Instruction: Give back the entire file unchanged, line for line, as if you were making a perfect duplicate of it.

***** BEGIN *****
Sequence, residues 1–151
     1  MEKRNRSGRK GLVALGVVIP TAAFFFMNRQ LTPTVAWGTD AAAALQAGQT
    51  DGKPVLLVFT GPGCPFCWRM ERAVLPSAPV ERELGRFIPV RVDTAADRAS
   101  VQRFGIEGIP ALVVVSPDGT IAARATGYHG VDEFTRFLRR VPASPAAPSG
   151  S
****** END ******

Sequence, residues 1–151
     1  MEKRNRSGRK GLVALGVVIP TAAFFFMNRQ LTPTVAWGTD AAAALQAGQT
    51  DGKPVLLVFT GPGCPFCWRM ERAVLPSAPV ERELGRFIPV RVDTAADRAS
   101  VQRFGIEGIP ALVVVSPDGT IAARATGYHG VDEFTRFLRR VPASPAAPSG
   151  S